> security declarations? (because in grok you don't need to). That's
> the only thing I can think of. It's a hard one to solve, as writing
> code with a lot of permissions sprinkled around is a major pain
> Grok tries to get rid of.
Certainly that's an issue. Especially given that security changes
can be very important to us, as I alluded above. If grok security
assumptions pervade a bit of code, it's almost certain that I can't
>> I have two ideas on how to combat this.
>> First, be vigilant about recognizing components that could be
>> shared. Grok is about applications, not components. Make
>> separate packages for the bits that we all (the Zope 3 community
>> outside of Grok) can use. Make Grok packages that import from the
>> general ones and add the Python-based glue in the grok-specific
>> packages. Plone appears to be doing this now. Looks good to me.
>> (I hope they do more!)
> It's you who says Grok is about applications and not components,
> not me. :)
> Grok should also be about components, because otherwise there is no
> easy way to spin off components from applications. This is a very
> important mechanism of component generation. In my opinion it would
> defeat the purpose of Grok if people would have to go back to ZCML
> as soon as they want to spin off a component. Spinning off a
> component should be moving code into another package, and the
> addition of ZCML shouldn't be required.
I don't want grok developers to *have* to make some ZCML; but I don't
want grok developers to make nice components that exclude those of us
who continue to choose to use zcml.
> Grok is about making the component architecture easier to use. I
> don't want to write code, applications *or* components, where I
> need to go to separate ZCML files for registrations. I considered
> it a pain after having tried it with a large application, before
> working with Grok. Now that I've used Grok, I *really* don't want
> to go back anymore. :) I also want other people to use Grok-based
> components, which is why we got a plan. :)
I know that's how you feel, I know you speak from experience, and I
respect your opinion. All I'm saying is, to the grok community,
please don't force other Zope 3 micro-communities to agree with you
in order to you use your *potentially sharable* cool code.
>> Second, when the first approach is inappropriate for whatever
>> reason, consider putting the grok glue code in a separate module.
>> That way someone can import your generally interesting code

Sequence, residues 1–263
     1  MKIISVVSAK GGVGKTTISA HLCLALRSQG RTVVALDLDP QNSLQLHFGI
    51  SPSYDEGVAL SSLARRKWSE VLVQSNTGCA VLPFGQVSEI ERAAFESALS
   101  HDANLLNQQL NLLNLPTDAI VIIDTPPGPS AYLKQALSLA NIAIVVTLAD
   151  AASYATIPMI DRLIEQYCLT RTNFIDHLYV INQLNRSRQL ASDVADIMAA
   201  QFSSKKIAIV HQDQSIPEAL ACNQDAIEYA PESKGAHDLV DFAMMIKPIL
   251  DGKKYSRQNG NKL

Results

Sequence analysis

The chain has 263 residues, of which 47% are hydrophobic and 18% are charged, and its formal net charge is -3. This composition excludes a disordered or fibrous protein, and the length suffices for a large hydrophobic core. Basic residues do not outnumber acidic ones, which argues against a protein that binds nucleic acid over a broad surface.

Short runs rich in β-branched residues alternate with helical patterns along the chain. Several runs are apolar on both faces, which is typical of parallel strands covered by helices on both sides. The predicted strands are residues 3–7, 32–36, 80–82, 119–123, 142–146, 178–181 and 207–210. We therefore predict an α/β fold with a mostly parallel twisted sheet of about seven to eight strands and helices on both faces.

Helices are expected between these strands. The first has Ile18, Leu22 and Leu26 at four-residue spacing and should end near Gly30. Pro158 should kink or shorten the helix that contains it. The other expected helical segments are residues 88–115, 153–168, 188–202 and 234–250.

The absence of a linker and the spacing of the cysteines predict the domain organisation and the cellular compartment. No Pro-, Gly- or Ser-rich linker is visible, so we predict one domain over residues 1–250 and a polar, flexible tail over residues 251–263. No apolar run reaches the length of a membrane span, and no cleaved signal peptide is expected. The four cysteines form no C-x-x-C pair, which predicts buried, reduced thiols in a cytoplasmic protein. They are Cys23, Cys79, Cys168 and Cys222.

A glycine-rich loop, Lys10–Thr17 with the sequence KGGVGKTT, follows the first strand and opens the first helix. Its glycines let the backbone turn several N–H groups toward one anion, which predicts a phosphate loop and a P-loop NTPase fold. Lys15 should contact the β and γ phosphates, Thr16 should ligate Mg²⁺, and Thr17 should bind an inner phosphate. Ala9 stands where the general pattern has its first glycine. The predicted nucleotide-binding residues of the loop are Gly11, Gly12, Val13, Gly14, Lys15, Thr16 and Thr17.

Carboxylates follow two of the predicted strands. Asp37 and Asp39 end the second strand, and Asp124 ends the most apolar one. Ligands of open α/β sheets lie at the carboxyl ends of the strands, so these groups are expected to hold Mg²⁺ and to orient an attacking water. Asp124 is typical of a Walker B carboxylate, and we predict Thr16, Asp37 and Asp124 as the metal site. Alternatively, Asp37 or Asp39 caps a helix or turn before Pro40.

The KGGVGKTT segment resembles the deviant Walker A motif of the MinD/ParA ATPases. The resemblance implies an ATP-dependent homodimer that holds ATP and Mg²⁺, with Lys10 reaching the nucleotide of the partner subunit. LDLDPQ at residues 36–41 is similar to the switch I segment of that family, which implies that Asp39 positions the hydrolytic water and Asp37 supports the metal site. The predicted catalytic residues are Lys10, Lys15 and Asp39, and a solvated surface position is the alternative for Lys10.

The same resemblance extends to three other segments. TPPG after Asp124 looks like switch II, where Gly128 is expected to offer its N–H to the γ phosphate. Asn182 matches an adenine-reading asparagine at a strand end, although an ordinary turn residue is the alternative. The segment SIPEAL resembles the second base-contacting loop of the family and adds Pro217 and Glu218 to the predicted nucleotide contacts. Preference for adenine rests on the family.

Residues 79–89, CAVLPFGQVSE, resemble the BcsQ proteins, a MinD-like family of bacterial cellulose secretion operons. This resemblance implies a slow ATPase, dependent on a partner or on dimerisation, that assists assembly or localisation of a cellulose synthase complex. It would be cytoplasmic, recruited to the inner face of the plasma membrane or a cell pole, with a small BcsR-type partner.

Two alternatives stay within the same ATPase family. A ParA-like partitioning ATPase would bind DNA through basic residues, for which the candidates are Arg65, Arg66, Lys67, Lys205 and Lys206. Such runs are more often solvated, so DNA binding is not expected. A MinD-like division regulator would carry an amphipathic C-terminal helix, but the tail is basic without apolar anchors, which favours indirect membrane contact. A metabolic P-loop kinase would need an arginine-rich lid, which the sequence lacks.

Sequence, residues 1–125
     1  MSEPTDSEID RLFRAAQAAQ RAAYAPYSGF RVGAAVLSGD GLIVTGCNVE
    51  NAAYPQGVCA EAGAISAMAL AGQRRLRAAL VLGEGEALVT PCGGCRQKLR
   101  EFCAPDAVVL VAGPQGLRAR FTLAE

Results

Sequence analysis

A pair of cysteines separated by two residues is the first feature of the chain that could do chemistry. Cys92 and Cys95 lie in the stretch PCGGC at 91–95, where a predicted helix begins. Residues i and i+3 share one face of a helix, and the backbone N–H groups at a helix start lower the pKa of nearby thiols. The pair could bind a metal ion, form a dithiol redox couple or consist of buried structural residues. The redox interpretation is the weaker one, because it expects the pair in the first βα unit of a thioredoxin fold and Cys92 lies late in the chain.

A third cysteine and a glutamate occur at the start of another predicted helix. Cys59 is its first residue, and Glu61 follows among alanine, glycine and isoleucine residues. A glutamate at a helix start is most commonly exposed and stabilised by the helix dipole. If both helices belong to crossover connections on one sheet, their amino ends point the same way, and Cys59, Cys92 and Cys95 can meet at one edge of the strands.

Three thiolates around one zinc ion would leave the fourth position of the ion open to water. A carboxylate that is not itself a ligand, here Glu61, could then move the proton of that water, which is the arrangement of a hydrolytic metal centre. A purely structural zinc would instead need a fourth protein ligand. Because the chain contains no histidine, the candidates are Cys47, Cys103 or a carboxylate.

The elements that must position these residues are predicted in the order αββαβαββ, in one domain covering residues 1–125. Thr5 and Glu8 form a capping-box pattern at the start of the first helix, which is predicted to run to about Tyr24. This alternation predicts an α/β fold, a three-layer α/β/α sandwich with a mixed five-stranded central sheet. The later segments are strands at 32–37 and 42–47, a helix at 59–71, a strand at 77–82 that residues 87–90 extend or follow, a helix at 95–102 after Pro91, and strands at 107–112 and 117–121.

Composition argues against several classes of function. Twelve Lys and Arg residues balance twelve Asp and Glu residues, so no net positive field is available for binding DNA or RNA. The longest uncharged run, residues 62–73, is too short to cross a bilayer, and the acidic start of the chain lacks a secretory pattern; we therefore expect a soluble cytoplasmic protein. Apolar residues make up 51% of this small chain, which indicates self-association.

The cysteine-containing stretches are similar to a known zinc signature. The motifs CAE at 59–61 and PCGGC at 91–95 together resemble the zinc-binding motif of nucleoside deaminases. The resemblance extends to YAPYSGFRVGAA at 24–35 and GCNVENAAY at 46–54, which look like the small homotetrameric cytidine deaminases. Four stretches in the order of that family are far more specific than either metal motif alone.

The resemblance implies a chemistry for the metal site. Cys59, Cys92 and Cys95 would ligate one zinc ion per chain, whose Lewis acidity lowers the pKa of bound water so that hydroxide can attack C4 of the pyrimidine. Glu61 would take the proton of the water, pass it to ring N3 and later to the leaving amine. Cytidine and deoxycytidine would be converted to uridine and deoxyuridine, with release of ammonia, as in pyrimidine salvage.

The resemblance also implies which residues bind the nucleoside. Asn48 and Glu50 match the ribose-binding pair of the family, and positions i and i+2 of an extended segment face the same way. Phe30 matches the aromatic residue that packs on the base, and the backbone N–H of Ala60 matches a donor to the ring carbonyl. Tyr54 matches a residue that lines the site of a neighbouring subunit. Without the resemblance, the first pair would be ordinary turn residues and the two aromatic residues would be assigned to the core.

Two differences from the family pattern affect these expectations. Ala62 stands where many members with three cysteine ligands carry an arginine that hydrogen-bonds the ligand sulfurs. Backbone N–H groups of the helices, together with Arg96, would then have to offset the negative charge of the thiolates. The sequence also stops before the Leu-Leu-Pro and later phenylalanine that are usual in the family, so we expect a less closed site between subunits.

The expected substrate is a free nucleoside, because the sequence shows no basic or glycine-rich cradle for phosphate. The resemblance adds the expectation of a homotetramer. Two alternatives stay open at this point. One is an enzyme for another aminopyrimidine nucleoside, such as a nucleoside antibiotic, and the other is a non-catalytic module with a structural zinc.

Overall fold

>> without depending on grok, or the grok approach. Perhaps someone
>> else will even add a zcml file, and folks can choose to go the
>> grok road or the zcml road for your package.
> All grok packages already have a configure.zcml file. It just
> contains a single line, telling it to grok the package using the
> only ZCML directive defined by grok, namely 'grok' :). The result
> of including that configure.zcml is the same - component
> registrations. This is why we are already close to reusability of
> grok-based code in Zope 3. Two reasons why more needs to be done:
I was trying to be constructive when I suggested that you divide up
your Python grok hints. That would let you do the kind of division I
said I (we) do with multiple zcml files. Otherwise, all you are
teling me I have is a big switch: grok, or not grok. Even there, I
wonder about the true level of support for the "not grok" switch, but
I'd have to re-read your docs again to see what has changed since the
last time I looked. Certainly the template/view automatic assembly
story wasn't friendly to non-grokkers.
My contention is that the grok approach makes some sense for
applications, but is not friendly for sharable packages.
> * pulling in grok right now pulls in more dependencies than you
> want if just do simple component registration
> * most importantly, grok messes with Zope 3 security. This
> shouldn't be the case in plain Zope 3, so depending on the grokking
> infrastructure shouldn't mean that this gets pulled in.
>> In sum, I laud the Grok community's energy and desire to make cool
>> Zope 3 technologies easier to begin with and use. But I encourage
>> you to direct some of your energy to remembering that one of the
>> cool Zope 3 ideas is component reuse. Don't code yourselves away
>> from the rest of us: we want you around. :-)
> I find it somewhat ironic that you say this in response to a
> message where I talk about how we are going to tackle exactly this
> problem. :) Not in the way you envision, perhaps - ZCML won't come
> back in play, but I'm pretty certain the sketched out approach will
> solve this problem.
So, I believe you are saying "I'm already solving this problem by
forcing everyone who wants to use our code to not use other
approaches (like ZCML)". Perhaps I'm overstating it for drama, but
do you see the kernel of truth?
I'm afraid I don't see the irony in my response.
>> If these ideas are already prevalent in the Grok philosophy, and
>> I'm spouting poorly informed tripe, I hope you at least recognize
>> the goodwill in which this email was written.
> I don't think it's poorly informed, though of course you miss a few
> things as an outside observer. Other points, are, of course, of
> course, debatable. :)
Of course, and thank you for your debate.
> It's a very valid concern.
> I personally am indeed very much aware we need the compatibility
> both ways - Grok is compatible with Zope 3, and Zope 3 compatible
> with Grok. Only that way can we have cross-fertilization. It is
> also very important as part of the secret Grok outreach program to
> Zope 3 developers - we need to be able to say that your worries are
> simply incorrect and get you to use grok-based code. :)
> How to accomplish this, I believe, is to use the component
> architecture APIs, not ZCML. Component registrations are component
> registrations in the end, no matter how they are accomplished.
I'm afraid we disagree there. But I can see the attraction of the
direction you are pursuing for building apps, even if we disagree on
its applicability to more generally reusable packages.
I very much appreciate your reply. I don't need to debate this
further. My only horse in the race is that I don't want the grok
community's Python and ZODB-level code to exclude folks like me who
don't use your application assembly story, for whatever reason. I
stated my case, and it sounds like you agreed with at least some of
it before I even wrote.